The revenue of the oriented strandboard (OSB) market in the U.S. amounted to $9.8B in 2018, going down -4.5% against the previous year. This figure reflects the total revenues of producers and importers (excluding logistics costs, retail marketing costs, and retailers’ margins, which will be included in the final consumer price).

Production in the U.S.

In 2018, the amount of OSB produced in the U.S. stood at 13M cubic meters, rising by 3.5% against the previous year. Overall, oriented strandboard production, however, continues to indicate a relatively flat trend pattern. The growth pace was the most rapid in 2013 with an increase of 13% y-o-y. OSB production peaked at 15M cubic meters in 2007; however, from 2008 to 2018, production remained at a lower figure.

Exports from the U.S.

In 2018, the OSB exports from the U.S. amounted to 75K cubic meters, picking up by 4.6% against the previous year. In general, oriented strandboard exports, however, continue to indicate an abrupt decrease.

In value terms, exports stood at $58M (IndexBox estimates) in 2018. Over the period under review, OSB exports, however, continue to indicate a decline. The most prominent rate of growth was recorded in 2010 with an increase of 67% y-o-y.

Exports by Country

Canada (81K cubic meters), Mexico (58K cubic meters) and South Korea (14K cubic meters) were the main destinations of oriented strandboard exports from the U.S.

From 2007 to 2018, the most notable rate of growth in terms of exports, amongst the main countries of destination, was attained by Mexico, while exports for the other leaders experienced more modest paces of growth.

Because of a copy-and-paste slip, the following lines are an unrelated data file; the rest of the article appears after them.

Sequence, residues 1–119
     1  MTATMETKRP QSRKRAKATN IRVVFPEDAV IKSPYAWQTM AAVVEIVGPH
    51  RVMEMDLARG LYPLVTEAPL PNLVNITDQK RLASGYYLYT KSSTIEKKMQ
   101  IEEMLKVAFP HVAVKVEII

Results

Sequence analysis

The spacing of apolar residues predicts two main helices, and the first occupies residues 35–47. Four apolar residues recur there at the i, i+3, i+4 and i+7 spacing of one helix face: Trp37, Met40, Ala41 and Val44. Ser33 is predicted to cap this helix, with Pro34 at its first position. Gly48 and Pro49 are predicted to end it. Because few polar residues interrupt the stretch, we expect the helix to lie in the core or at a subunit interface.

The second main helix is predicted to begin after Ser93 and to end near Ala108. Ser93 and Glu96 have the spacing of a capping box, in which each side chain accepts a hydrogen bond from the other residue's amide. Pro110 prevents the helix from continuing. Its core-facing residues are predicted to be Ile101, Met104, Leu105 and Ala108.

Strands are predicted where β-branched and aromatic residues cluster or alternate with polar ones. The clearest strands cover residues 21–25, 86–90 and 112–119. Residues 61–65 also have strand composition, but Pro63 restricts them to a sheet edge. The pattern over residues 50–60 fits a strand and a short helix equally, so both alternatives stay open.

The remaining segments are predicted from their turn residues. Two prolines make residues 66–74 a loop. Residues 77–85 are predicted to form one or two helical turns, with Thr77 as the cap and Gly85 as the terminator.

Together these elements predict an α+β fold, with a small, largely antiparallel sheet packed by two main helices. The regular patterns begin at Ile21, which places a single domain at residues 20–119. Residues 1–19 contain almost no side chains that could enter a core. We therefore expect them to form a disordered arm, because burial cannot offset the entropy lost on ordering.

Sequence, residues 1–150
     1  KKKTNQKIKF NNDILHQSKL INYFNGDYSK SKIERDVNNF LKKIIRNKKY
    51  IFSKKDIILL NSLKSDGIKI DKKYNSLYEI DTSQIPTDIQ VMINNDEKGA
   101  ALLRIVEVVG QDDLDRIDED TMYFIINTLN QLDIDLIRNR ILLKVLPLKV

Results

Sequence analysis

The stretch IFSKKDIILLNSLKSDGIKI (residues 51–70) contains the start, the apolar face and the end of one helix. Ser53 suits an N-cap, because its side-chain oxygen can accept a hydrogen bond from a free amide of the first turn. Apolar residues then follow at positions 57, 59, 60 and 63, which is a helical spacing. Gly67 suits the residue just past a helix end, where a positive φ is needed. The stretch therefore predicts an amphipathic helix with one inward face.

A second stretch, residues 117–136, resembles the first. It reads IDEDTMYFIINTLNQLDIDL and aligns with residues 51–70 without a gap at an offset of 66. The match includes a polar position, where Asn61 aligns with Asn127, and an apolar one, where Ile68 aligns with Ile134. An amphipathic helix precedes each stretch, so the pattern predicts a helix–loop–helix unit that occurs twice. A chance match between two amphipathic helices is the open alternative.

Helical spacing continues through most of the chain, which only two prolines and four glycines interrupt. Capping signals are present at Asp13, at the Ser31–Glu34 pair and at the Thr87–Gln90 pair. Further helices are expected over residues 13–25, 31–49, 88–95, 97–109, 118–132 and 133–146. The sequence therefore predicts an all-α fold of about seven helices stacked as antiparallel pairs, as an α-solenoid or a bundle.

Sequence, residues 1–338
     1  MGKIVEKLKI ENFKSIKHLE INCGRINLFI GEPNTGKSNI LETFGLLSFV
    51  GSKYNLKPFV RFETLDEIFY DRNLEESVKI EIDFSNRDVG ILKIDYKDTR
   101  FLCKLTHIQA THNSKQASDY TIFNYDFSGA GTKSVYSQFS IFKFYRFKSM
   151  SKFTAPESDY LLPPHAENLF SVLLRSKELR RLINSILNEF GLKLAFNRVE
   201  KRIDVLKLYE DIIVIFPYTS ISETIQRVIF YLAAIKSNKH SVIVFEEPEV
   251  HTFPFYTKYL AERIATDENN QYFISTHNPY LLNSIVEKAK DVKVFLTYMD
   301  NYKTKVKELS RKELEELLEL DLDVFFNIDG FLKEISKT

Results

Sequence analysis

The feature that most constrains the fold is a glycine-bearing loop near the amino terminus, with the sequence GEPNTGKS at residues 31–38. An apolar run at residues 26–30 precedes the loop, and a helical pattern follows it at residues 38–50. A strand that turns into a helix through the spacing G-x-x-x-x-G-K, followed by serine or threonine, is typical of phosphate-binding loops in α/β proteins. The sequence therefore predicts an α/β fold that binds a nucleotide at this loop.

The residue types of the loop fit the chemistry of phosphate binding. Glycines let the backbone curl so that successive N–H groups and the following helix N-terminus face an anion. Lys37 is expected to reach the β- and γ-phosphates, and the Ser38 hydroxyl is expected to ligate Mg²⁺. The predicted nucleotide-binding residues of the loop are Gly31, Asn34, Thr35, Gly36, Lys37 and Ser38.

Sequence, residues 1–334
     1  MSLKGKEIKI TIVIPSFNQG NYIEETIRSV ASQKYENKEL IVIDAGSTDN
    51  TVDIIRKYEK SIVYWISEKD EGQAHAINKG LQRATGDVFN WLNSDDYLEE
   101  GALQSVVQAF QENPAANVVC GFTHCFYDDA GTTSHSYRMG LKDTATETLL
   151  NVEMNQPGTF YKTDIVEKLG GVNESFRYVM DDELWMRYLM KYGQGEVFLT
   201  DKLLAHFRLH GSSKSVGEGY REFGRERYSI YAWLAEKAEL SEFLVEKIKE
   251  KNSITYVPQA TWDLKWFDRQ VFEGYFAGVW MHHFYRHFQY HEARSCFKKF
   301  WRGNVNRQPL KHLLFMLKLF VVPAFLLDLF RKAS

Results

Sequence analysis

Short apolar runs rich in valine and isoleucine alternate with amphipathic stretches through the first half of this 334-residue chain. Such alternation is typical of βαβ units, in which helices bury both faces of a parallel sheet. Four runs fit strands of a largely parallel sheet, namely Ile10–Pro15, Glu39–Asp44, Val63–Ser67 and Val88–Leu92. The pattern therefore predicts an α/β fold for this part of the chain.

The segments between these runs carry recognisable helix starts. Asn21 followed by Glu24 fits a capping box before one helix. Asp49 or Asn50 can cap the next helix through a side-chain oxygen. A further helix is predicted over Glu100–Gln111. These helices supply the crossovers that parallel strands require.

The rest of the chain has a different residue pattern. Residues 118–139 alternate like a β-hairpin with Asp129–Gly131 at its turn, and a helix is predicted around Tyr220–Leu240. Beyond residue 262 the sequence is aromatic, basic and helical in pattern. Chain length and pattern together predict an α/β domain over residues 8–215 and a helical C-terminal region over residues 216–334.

In value terms, Canada ($40M) remains the key foreign market for oriented strandboard (osb) exports from the U.S., comprising 69% of total oriented strandboard (osb) exports. The second position in the ranking was occupied by Mexico ($15M), with a 25% share of total exports. It was followed by South Korea, with a 6.7% share.

From 2007 to 2018, the average annual growth rate of value to Canada amounted to +4.2%. Exports to the other major destinations recorded the following average annual rates of exports growth: Mexico (+8.8% per year) and South Korea (-1.8% per year).

Export Prices by Country

The average OSB export price stood at $775 per cubic meter in 2018, going down by -6.8% against the previous year.

There were significant differences in the average prices for the major foreign markets. In 2018, the country with the highest price was Canada ($491 per cubic meter), while the average price for exports to Chile ($194 per cubic meter) was amongst the lowest.

From 2007 to 2018, the most notable rate of growth in terms of prices was recorded for supplies to Canada, while the prices for the other major destinations experienced more modest paces of growth.

Imports into the U.S.

In 2018, approx. 5.5M cubic meters of OSB were imported into the U.S.; dropping by -9.9% against the previous year. Overall, oriented strandboard  imports continue to indicate a relatively flat trend pattern. The most prominent rate of growth was recorded in 2012 with an increase of 71% y-o-y. Imports peaked at 6.1M cubic meters in 2017, and then declined slightly in the following year.

In value terms, OSB imports amounted to $1.7B (IndexBox estimates) in 2018. Over the period under review, oriented strandboard (osb) imports continue to indicate a strong increase. The growth pace was the most rapid in 2012 with an increase of 50% year-to-year. Imports peaked in 2018 and are likely to see steady growth in the immediate term.

Imports by Country

In 2018, Canada (5.5M cubic meters) was the main supplier of oriented strandboard to the U.S., accounting for a approx. 100% share of total imports.

The average oriented strandboard import price amounted to $300 per cubic meter, increasing by 26% against the previous year. In general, the import price indicated a strong increase from 2007 to 2018: its price increased at an average annual rate of +4.4% over the last eleven-year period.

Source: IndexBox AI Platform